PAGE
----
This "journey" has been so much more than we ever bargained for. We're seeing things we've never seen and being challenged in ways we've never before experienced. It's definitely a growing process - complete with growing pains. But it's good.

Monday, November 1, 2010

Explaining "The Wait"

We have officially been "waiting" for 7 months now (that's AFTER our paperwork set on desk in South Georgia for 3 months). My mom called the other day and proclaimed that she couldn't believe this process had "already taken 2 years!"

Yeah. She's not the best at math. But mostly I just think she's just eager to be a grandmother (wow, that makes her sound old). This is the woman who bought a crib 2 weeks after we told her we were adopting.

So, if there are are 4.5 million orphans in Ethiopia alone (and there are, according to UNICEF), what's with the "wait"?

Well, there are several reasons.

Just like we had to spend several months (4, to be exact) collecting paperwork, each child must have correct paperwork, too. It's a pain, but it's necessary. The paperwork documents the child's life up to that point and how he or she became an orphan. Paperwork is important to preventing child-trafficking. (I know, it seems really crazy that child trafficking happens when there are so many children in the world truly in need...) Anyway, for our paperwork - I worked like a mad-woman - drove all over creation to pick up documents (had family members drive all over creation to pick up documents) - and it took 4 long months. Imagine social workers and orphanage directors attempting to gather the proper paperwork for children in their facilities. Internet certainly isn't reliable, multiple languages are involved, children often come from remote areas, etc, etc, etc.

Courts in Ethiopia - the ones that process adoptions - close for 2 months out of the year for rainy season. So NOTHING happens during that time. And, when rainy season has passed, there is a log jam in the courts.

Ethiopia (like any country) has limited resources to put towards intercountry adoption - there are a limited number of workers at the various Ethiopian agencies responsible for processing adoptions and apparently they only have 24 hours in their day, too....bummer.

Also - we're adopting a baby. There are many, many waiting children in Ethiopia. Paperwork is already in order. They are just waiting on a family. We are adopting a baby for various reasons. He will be our first child and we thought it would probably be best to start with an infant who wouldn't know that we don't know what we're doing. Let's be real, a 7 year old would OWN us.

So, that's the deal with "THE WAIT" - hopefully it will end soon!

Thursday, July 22, 2010

Break The Cycle

I spent last night hanging out with two 16 year old girls. That's not so unusual for me - the wife of a youth minister. But this was different. We didn't hang out at Starbucks or go to a movie.

We hung out in their prison cell.

It wasn't K's first visit to Rivarde Juvenile Detention Center. She'd been many times before, almost always for fighting. H found herself locked up and awaiting trial as an accessory to murder. She showed us the newspaper clipping that reported the story.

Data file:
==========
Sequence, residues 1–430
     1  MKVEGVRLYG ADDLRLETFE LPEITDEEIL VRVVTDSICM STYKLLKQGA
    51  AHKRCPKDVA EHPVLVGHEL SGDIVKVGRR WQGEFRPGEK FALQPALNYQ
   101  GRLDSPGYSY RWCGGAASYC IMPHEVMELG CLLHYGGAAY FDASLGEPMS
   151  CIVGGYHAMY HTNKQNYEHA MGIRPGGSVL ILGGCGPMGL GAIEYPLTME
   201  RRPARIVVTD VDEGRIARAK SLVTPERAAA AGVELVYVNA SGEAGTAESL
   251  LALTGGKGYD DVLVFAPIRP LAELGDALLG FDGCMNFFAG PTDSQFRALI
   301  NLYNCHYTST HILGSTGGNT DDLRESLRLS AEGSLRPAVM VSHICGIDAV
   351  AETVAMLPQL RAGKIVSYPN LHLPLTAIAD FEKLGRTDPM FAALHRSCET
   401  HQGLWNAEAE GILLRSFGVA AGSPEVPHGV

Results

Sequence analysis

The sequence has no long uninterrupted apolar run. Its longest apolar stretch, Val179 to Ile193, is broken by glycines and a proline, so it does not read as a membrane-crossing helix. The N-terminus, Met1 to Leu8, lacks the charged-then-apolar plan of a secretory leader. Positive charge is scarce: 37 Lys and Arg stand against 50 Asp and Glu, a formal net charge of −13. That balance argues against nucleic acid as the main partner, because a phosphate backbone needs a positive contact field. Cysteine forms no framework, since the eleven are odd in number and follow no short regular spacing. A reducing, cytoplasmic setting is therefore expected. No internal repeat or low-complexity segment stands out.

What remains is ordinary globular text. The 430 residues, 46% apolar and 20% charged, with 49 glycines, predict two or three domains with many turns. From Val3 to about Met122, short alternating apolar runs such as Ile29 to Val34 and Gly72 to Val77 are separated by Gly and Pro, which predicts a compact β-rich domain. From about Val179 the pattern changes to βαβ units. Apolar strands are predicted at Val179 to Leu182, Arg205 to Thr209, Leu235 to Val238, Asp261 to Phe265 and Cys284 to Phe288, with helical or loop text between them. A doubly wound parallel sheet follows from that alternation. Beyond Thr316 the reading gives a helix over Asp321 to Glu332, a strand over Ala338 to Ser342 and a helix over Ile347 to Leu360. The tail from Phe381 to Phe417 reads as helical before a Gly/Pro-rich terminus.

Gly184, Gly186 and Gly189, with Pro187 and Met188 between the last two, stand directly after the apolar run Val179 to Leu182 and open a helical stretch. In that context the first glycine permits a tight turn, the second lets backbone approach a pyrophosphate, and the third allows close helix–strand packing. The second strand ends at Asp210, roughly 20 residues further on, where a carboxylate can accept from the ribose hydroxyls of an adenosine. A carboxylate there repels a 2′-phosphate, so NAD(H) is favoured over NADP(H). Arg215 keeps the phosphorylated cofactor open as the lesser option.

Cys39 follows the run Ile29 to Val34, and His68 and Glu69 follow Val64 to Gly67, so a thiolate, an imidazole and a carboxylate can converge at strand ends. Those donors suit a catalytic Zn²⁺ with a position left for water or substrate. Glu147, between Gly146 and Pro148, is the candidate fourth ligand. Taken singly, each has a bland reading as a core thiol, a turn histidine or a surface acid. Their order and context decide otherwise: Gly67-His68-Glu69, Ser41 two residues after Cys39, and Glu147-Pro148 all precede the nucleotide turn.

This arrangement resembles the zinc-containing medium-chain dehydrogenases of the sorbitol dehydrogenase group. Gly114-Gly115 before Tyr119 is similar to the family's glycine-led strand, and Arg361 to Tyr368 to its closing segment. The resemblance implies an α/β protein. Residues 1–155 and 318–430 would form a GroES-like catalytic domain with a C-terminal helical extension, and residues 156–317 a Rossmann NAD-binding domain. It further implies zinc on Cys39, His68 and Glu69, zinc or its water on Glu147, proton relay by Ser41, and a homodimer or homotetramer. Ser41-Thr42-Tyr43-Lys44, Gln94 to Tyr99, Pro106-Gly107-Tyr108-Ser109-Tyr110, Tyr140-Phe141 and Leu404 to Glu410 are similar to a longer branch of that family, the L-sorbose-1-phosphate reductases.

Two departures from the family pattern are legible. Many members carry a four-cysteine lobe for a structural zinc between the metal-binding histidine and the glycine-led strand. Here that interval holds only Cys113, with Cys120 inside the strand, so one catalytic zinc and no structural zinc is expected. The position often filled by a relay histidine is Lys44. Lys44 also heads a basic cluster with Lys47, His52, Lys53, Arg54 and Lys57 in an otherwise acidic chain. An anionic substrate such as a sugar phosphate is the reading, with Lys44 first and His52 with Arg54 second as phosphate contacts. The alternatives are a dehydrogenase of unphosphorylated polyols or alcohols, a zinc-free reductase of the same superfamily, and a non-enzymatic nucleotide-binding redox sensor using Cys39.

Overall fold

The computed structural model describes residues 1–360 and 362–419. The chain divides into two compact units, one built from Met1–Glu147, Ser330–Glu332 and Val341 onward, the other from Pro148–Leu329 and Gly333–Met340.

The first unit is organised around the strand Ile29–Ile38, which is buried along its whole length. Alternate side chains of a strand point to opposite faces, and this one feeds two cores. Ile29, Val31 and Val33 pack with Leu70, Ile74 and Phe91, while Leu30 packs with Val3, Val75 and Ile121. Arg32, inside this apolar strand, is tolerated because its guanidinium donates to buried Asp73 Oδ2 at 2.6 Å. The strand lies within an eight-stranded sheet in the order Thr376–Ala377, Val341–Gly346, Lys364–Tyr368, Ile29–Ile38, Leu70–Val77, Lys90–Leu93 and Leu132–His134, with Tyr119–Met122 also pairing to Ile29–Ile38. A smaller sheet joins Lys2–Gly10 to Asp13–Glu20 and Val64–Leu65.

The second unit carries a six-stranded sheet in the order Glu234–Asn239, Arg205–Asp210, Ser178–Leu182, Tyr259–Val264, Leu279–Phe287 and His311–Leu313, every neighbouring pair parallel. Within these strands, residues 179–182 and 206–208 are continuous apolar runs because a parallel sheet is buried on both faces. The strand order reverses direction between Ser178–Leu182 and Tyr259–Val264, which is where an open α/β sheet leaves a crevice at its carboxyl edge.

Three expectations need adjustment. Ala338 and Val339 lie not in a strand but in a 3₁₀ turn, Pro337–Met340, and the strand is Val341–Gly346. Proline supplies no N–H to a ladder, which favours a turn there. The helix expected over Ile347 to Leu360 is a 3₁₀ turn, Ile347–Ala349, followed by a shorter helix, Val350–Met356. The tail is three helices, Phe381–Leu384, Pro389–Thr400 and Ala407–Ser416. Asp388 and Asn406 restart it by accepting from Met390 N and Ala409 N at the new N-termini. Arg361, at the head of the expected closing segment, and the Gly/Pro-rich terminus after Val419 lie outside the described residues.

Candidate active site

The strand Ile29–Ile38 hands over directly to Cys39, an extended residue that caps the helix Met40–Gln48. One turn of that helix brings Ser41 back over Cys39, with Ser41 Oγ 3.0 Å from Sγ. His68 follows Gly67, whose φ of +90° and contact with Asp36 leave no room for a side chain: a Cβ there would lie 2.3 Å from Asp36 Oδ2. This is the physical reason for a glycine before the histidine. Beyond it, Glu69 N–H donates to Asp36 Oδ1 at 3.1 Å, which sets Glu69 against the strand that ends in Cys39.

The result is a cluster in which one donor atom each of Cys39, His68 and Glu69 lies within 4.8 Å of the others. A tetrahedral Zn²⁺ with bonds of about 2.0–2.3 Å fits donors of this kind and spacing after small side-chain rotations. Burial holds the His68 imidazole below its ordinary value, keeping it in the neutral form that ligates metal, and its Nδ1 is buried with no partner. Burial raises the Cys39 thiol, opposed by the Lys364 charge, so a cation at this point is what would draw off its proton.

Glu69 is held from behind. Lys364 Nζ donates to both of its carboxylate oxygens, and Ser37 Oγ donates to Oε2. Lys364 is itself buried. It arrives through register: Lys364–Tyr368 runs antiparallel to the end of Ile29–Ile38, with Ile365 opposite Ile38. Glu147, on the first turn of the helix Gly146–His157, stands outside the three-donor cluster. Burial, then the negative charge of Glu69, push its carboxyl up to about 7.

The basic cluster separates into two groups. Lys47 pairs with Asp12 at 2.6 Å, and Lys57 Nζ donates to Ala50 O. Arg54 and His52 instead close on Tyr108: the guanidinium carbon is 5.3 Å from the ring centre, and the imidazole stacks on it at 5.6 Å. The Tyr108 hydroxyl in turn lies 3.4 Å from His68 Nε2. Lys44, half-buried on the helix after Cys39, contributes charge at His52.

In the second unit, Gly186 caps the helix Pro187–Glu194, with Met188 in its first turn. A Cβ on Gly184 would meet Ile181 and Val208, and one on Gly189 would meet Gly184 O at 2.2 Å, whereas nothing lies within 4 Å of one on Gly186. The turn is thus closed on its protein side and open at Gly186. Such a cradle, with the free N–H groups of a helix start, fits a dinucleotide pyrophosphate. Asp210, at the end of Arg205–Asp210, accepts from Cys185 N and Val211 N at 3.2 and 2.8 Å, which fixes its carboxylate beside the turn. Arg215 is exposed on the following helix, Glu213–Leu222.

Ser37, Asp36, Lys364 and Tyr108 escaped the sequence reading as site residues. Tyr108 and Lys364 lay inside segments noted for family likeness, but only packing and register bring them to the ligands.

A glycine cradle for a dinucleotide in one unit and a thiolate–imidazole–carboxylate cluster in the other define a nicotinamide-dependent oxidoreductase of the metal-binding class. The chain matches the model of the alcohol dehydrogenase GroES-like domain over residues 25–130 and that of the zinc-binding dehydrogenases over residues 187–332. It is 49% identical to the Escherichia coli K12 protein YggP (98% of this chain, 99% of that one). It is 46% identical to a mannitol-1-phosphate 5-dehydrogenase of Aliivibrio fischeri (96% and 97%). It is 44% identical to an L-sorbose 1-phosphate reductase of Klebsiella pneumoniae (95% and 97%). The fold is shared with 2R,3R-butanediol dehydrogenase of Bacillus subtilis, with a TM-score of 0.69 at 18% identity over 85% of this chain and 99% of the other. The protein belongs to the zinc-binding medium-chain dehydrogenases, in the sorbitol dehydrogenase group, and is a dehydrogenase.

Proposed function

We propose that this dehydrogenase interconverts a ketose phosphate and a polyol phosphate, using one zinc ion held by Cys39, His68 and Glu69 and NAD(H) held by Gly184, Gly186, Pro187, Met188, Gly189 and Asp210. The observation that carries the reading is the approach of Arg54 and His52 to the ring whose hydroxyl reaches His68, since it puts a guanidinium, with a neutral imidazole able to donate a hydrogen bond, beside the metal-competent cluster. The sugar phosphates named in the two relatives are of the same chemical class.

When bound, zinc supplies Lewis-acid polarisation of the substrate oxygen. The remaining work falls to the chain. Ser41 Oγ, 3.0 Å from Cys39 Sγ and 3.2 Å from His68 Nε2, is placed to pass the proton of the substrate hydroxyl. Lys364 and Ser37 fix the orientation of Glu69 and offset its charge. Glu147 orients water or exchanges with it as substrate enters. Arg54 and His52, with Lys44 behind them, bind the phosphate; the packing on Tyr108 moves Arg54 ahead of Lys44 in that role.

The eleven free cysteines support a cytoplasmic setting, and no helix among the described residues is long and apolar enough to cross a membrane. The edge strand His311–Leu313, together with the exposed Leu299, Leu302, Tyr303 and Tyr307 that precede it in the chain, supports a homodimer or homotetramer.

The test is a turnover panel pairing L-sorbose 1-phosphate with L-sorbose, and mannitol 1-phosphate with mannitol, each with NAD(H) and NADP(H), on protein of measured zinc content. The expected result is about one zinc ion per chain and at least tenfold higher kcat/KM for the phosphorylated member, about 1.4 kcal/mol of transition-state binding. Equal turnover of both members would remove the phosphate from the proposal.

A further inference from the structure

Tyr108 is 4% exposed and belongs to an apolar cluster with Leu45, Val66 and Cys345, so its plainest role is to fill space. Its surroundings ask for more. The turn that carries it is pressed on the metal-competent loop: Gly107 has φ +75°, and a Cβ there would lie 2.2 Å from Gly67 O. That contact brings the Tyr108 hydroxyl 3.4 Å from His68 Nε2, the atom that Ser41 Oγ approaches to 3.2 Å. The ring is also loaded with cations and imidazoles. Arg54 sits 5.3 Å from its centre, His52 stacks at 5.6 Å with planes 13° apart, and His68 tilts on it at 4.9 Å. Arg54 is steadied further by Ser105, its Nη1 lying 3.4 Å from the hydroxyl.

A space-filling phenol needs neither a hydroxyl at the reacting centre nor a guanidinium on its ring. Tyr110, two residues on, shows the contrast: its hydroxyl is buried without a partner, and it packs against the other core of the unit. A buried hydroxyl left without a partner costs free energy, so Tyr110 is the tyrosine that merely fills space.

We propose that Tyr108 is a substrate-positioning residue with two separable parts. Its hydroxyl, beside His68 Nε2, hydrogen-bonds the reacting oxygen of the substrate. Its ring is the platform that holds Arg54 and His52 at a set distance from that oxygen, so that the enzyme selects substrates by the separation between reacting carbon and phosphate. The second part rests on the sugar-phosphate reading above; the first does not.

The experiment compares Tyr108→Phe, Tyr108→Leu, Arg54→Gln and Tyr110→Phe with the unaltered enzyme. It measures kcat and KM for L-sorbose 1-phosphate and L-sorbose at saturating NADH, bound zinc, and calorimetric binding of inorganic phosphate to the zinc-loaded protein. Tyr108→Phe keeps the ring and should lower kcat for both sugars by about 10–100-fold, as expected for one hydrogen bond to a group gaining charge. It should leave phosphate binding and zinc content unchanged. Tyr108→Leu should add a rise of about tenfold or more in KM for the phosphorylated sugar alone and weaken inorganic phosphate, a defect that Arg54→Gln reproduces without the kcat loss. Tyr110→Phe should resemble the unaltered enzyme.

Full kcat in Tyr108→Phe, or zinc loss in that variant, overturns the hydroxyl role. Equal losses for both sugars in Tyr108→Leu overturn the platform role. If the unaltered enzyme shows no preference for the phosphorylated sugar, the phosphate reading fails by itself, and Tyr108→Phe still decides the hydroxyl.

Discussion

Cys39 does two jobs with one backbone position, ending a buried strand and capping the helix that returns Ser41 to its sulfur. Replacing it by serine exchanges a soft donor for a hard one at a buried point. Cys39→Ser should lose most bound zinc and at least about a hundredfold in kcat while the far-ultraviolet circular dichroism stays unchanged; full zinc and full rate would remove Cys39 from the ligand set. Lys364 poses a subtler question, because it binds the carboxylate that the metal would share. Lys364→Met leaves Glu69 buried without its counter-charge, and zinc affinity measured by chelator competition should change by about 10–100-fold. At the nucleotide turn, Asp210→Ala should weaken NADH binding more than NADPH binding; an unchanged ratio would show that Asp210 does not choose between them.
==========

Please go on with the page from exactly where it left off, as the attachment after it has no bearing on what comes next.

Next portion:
K is the oldest of her mother's children, but the youngest of her father's children. It is a fragmented family. While she's serving her sentence, her 6 month old son is being kept by his father's family. The cycle has already begun to repeat itself.

H lived with her grandmother. She has no idea how long she will be incarcerated. The 17 year old girl who committed the murder has already been tried as an adult - and found guilty.

Both girls have hopes and dreams. They desire a different life. But somewhere, somehow the cycle has to be broken.

That's why First Baptist New Orlean's Rivarde Team goes week in and week out. We know that a relationship with Christ can break the vicious cycle. Christ is the Ultimate Cycle-Breaker. He came because humanity was stuck in a sin-sacrifice-sin-sacrifice cycle. True repentance had been replaced by rote ceremonies and sacrifices. He saved us from such drudgery. And because of Him, we have crossed from death into life. 

God forgives, reconciles, restores and makes all things new. Pray for K and H - that they will allow Christ to break the cycle and make them new. Pray for the Rivarde team who speaks words of life into the lives of incarcerated teenagers each week.

Wednesday, July 14, 2010

FBNO - Fire Up the Pastor Search Committee...

Fire up the Pastor Search Committee...Not sure he'll be with us much longer....

Tuesday, July 13, 2010


This was a sign we passed leaving the Songhai neighborhood...I had the taxi drive stop and back up so I could take a picture...Is there a barbershop anywhere else in the world where you can go in looking like a black African man and come out looking like a very white Alisa Milano?
For more about our actual work here check out David's blog at

Saturday, July 10, 2010

Jet Lag was our first full day in Ghana - and it was a great one! We went down to the Makola Market to meet and interact with the Songhai people in the area. We walked about three miles through the market stopping to talk and give CDs about Jesus to the Songhai vendors.

Currently, there is no church - Ghanian or American - seeking to reach the Songhai in Accra, Ghana. Many of the them have never heard the gospel.